5. Sacramento Kings, (2005-2006), 11 seasons … Unlike the T’Wolves, the Kings are not going to snap their streak of futility this season or any time soon. They traded away persistent problem child Demarcus Cousins last season and their most productive player this season is 36-year-old Zach Randolph. They came into Tuesday with a 12-24 record. Willie Cauley-Stein and rookie De’Aaron Fox are nice young players, but they aren’t enough to compete in the NBA Western Conference. Remember when then-NBA commissioner David Stern finagled the situation to keep the franchise in Sacramento instead of relocating it to Seattle? New owner Vivek Ranadive has shuffled through five head coaches since 2013.
  6. San Diego Padres, (2006), 11 seasons … Perhaps it’s fitting that the Mariners’ neighbor at the Peoria Sports Complex and one-time “natural rival” per MLB interleague play is also on this list. The Padres have been in perpetual rebuild mode since 2010 when they won 90 games and failed to make the postseason. General manager A.J. Preller, San Diego’s fourth since 2006, tried to make a run in 2015, trading for Matt Kemp, Justin Upton and Wil Myers and signing pitcher James Shields to a four-year contract. The move completely backfired and set the organization back further. With the Dodgers and Giants pouring money into their payrolls, the Padres’ best hope of snapping their streak is through the NL wild card. A top heavy NL makes that almost impossible in the next few seasons.
  7. Tampa Bay Buccaneers, (2007), 10 seasons … If you watched Hard Knocks on HBO this year — and who doesn’t watch one of the best shows on television — the Bucs were portrayed as a playoff-caliber team. Led by talented, young quarterback Jameis Winston, Tampa Bay was expected to break its streak of playoff misses. Instead, they massively underachieved, finishing last in the NFC South with a 5-11 record. They had major kicking issues that started in fall camp, Winston missed three games with a knee injury and still made poor decisions when healthy that led to costly interceptions and DeSean Jackson was a non-factor at receiver. There is still talent and because it’s the NFL, they will play a last-place schedule next season, giving them a chance to break their streak.
  8. Chicago White Sox, (2008), 9 seasons … Last offseason, general manager Rick Hahn went into rebuild mode, trading all-star lefty Chris Sale and outfielder Adam Eaton for quality prospects. He then moved pitcher Jose Quintana, third baseman Todd Frazier and relievers Tommy Kahnle and David Robertson at midseason for more young talent. Chicago finished with a 67-95 record — second worst in the AL — just ahead of the Tigers. They are assembling a solid base of young talent, including top prospects Yoan Moncada, Eloy Jimenez, Michael Kopech and Luis Robert to go with Jose Abreu,  Avisail Garcia, Carlos Rodon and Carson Fulmer. There’s been discussion they will make a run at Manny Machado this offseason to lead their roster. The Indians are still stacked in their division and the Twins made the wild card in 2017. But the Royals and Tigers are in decline. The White Sox might be two years away.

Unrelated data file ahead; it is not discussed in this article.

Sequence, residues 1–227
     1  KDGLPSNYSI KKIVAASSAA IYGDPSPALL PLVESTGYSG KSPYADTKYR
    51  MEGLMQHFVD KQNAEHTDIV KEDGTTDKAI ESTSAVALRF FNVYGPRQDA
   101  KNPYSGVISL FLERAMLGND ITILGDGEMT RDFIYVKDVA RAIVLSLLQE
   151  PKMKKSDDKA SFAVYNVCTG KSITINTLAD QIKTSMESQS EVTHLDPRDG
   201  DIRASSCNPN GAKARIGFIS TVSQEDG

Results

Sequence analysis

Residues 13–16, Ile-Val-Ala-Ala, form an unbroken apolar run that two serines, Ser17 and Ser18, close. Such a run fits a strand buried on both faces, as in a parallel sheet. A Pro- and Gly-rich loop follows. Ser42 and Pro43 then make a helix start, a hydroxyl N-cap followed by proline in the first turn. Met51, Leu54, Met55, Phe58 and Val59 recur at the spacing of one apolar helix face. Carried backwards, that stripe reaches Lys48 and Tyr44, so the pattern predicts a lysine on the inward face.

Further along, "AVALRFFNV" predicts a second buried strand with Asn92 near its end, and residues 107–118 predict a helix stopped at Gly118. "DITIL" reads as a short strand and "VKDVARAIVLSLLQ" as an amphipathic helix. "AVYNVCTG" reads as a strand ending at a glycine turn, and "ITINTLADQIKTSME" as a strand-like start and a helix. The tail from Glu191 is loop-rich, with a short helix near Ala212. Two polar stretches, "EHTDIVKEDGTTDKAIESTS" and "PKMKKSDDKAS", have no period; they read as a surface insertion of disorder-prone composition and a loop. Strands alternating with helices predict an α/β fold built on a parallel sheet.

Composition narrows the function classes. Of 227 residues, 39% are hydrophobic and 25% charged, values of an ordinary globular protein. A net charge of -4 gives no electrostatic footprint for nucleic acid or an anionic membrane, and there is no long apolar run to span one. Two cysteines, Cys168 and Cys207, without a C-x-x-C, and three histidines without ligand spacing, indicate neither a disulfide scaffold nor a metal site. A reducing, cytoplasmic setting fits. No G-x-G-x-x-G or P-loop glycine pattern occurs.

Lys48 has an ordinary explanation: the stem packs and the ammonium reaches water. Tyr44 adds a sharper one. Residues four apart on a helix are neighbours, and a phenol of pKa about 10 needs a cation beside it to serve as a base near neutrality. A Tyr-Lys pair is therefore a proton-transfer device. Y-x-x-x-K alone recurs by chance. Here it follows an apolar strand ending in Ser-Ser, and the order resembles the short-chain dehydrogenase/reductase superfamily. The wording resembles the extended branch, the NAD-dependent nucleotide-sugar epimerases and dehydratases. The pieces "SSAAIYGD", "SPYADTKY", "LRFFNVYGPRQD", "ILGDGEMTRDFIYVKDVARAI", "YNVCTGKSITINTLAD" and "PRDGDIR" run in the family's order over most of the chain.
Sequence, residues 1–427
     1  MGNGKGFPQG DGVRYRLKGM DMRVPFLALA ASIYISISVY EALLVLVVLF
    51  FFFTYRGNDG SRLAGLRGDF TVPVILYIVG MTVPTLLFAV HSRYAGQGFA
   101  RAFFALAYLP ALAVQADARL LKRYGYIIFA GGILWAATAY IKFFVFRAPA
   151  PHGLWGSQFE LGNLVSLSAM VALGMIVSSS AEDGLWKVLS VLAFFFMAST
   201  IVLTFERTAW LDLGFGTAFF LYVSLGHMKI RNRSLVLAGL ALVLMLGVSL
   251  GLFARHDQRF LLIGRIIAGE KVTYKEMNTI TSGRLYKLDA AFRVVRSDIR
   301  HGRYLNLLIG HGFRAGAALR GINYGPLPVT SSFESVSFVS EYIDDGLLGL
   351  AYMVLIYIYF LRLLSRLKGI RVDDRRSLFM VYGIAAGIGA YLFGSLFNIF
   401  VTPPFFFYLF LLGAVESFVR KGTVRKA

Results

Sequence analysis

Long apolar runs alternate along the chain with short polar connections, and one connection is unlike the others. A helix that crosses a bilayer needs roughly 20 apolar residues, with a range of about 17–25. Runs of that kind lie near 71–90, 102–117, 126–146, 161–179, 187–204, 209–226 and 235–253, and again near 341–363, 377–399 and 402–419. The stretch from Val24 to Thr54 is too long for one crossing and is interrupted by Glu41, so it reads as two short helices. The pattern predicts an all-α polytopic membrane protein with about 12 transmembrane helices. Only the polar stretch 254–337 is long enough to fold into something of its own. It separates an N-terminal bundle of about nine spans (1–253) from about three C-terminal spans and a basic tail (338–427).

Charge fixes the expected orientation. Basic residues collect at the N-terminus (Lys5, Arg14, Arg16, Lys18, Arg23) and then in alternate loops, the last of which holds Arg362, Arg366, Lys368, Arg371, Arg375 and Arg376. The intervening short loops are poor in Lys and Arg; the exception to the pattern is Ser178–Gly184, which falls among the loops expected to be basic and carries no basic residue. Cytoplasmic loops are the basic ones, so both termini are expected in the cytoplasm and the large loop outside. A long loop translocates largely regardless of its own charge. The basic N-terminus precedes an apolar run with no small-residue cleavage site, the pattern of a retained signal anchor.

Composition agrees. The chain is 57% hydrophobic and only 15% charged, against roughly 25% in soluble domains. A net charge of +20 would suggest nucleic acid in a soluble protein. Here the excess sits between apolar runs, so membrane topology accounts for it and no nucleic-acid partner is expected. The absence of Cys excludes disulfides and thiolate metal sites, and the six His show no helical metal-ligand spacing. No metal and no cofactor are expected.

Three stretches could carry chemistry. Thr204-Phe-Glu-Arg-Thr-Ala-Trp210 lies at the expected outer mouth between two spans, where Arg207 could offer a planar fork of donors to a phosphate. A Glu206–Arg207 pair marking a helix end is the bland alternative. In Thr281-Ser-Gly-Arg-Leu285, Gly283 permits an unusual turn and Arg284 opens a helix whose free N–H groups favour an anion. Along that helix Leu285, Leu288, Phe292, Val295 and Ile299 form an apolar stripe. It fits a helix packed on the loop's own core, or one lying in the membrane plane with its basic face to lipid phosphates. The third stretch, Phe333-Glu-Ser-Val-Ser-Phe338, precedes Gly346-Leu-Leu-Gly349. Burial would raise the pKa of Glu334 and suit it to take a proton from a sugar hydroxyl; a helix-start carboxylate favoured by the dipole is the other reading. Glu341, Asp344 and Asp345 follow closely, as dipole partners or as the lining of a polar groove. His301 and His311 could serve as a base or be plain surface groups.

9. Carolina Hurricanes, (2008-2009),  8 seasons … It’s tough not to make the postseason in hockey for this long. The NHL has had two different playoff formats during Carolina’s drought. But always a total of eight teams from each conference make the postseason. After some rebuilding seasons and playing a host of young players, they have a chance this season to end their streak. The Hurricanes are 18-13 with 43 points. They sit one point behind the New York Islanders for the final wild card spot in the Eastern Conference. It would help a franchise that consistently has worst attendance in the NHL.
  10. New York Jets, (2010), 7 seasons … They were expected to be one of the worst teams in the NFL this season and ended up being pretty bad, finishing 5-11 with only Cleveland (0-16), Houston (4-12) and Indianapolis (4-12) having worse record. Still, they were more competitive than expected thanks largely to the gutty play of QB Josh McCown. With the Patriots in the AFC East, winning a division title seems unlikely. But are they really that much different than the Bills? The Jets haven’t had a viable offense or quarterback in a long time. You could count the one-year Brett Favre experiment in 2008 and Ryan Fitzpatrick’s one decent year in 2015. They need to draft another QB. But with the No. 6 pick, they could miss out on Josh Rosen of UCLA, Sam Darnold of USC and Josh Allen of Wyoming.